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Seminar held on emerging trends in nanoscience and nanotechnology – Times of India

Nanotechnology Playing a Key Role in the Growth of Food & Agriculture Industry – MENAFN.COM

(MENAFN Editorial) The global nanotechnology market is expected to grow at a CAGR of around 17% during the forecasted period of 2017-2024, says RNCOS in its Global Nanotechnology Market Outlook 2024 report.

The global nanotechnology market has witnessed significant growth in the recent years owing to new innovations in technology that are reshaping the global economy. Like many other industries, food & agriculture industry has witnessed significant impact through nanotechnology such as boosting nutritional value of food, restoring taste and odour etc.

The report Global Nanotechnology Market Outlook 2024 provides the current scenario and future estimates of the industry. Nanotechnology is considered to be one of the most important tools in modern agriculture, and agri-food nanotechnology is anticipated to become a driving economic force in the near future. Agri-food focuses on sustainability and protection of agriculturally produced foods, including crops for human consumption and animal feeding.

Nanotechnology further provides new agrochemical agents and new delivery mechanisms to improve crop productivity and to reduce pesticide use. It also plays an important role in boosting agricultural production, including other applications such s nanoformulations of agrochemicals for applying pesticides and fertilizers for crop improvement, the application of nanosensors/nanobiosensors in crop protection for the identification of diseases and residues of agrochemicals among others.

Owing to the wide range of applications, Nanotechnology is poised to significantly impact all sectors of agribusiness industry and hence revolutionize the agricultural and food sectors making the industry considerably greener and competitive.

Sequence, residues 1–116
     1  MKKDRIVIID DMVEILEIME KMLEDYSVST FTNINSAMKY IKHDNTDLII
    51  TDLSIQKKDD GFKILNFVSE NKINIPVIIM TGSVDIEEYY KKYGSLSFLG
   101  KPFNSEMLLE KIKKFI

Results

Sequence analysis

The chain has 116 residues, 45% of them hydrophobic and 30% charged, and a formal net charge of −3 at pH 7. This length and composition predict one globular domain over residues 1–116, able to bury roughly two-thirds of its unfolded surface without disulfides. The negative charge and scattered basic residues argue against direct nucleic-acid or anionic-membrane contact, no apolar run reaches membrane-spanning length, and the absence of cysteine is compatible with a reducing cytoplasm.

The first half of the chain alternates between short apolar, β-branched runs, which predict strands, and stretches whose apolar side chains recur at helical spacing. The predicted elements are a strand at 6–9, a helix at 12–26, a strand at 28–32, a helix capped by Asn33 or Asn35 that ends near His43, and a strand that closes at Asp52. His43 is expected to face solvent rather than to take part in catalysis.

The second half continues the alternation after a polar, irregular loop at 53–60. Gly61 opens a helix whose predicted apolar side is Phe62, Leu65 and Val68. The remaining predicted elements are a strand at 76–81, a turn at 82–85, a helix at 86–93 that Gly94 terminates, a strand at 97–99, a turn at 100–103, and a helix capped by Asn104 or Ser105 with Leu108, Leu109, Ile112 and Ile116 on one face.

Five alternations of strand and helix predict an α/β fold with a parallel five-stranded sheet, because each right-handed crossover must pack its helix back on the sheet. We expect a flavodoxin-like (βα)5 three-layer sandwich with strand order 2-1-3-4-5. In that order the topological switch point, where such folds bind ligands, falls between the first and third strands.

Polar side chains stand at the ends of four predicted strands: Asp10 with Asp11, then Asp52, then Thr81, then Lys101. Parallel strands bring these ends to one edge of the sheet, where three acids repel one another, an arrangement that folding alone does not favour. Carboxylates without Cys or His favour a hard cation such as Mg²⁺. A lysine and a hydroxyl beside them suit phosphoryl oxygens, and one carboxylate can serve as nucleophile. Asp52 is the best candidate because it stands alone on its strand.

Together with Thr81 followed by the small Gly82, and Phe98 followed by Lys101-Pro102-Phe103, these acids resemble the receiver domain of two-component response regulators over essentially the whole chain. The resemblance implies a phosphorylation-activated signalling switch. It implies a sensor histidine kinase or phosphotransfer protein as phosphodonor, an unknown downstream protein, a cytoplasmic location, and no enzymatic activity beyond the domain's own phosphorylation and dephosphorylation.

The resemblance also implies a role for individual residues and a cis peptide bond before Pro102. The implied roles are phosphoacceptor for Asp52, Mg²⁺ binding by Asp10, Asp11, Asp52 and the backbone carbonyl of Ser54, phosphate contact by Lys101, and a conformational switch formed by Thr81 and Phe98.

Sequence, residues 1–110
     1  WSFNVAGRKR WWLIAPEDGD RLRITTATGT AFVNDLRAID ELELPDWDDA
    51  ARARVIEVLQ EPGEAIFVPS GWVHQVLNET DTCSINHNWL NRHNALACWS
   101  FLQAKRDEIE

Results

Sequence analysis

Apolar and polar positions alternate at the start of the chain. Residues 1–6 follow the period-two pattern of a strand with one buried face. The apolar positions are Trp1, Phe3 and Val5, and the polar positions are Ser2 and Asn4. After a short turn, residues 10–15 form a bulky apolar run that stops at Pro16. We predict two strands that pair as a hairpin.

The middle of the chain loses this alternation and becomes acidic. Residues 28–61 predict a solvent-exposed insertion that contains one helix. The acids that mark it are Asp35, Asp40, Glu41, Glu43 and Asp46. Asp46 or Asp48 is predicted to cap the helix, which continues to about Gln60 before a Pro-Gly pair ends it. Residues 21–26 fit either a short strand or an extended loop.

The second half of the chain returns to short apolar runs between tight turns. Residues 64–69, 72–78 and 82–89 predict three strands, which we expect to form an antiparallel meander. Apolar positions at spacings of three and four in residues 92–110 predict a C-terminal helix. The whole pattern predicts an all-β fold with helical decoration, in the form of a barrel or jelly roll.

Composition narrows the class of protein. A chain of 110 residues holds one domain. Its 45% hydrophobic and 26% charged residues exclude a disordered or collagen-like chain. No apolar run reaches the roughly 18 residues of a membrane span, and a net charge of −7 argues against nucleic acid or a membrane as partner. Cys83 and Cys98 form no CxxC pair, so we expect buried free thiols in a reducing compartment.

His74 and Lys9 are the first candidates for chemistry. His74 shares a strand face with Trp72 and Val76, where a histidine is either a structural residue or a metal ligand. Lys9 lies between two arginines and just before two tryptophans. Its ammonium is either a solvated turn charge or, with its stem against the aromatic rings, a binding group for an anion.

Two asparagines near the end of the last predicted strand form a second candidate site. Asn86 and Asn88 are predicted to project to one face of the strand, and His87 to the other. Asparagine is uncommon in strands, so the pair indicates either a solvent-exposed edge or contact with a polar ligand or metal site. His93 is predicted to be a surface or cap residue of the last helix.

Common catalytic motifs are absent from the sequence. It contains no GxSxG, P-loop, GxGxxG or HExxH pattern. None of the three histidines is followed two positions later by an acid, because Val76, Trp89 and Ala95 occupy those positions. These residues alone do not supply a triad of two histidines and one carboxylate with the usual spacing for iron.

For FREE SAMPLE of this report visit: http://www.rncos.com/Report/IM883.htm

Check Related REPORTS on: http://www.rncos.com/Science%20&%20technology.htm

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RNCOS is a leading industry research and consultancy firm incorporated in 2002. As a pioneer in syndicate market research, our vision is to be a global leader in the industry research space by providing research reports and actionable insights to companies across a range of industries such as Healthcare, IT and Telecom and Retail etc. We offer comprehensive industry research studies, bespoke research and consultancy services to Fortune 1000, Trade associations, and Government agencies worldwide.

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Nanotechnology Playing a Key Role in the Growth of Food & Agriculture Industry – MENAFN.COM

Nanotechnology-based gene editing study seeks to eradicate HIV in brain of drug abusers – FIU News

Opiate abuse is a significant risk factor for HIV infection, and in combination they can have a devastating effect on the brain. Scientists at FIU Herbert Wertheim College of Medicine (HWCOM) are studying new therapies that can short-circuit HIV infection and mitigate the damaging effects that opiate addiction has on the central nervous system.

The ambitious $3.5 million five-year study, funded by the National Institutes for Health, is now underway and will be completed by 2021. Researchers hope the work will lead to a multipurpose platform for drugs targeting a variety of other difficult to treat diseases such as amyotrophic lateral sclerosis (ALS), Alzheimers, Parkinsons and Huntingtons diseases.

The Institute of Neuro-Immune Pharmacology at HWCOM, led by Chair and Associate Dean of the Department of Immunology Madhavan Nair, is teaming up with Kamel Khalili, chair of the Department of Neuroscience at Temple University, and the Comprehensive NeuroAIDS Center at Temple Universitys Lewis Katz School on a new study that will combine Khalils gene editing strategy using nanotechnology with Nairs work to help opiate users with HIV.

Despite significant advances in anti-retroviral therapy (ART), which is used to treat HIV patients, ART is unable to penetrate the blood brain barrier (BBB) after systemic administration. In addition, the elimination of HIV from the central nervous system and peripheral reservoirs remains challenging due to the HIV genomes ability to integrate itself into the host genome.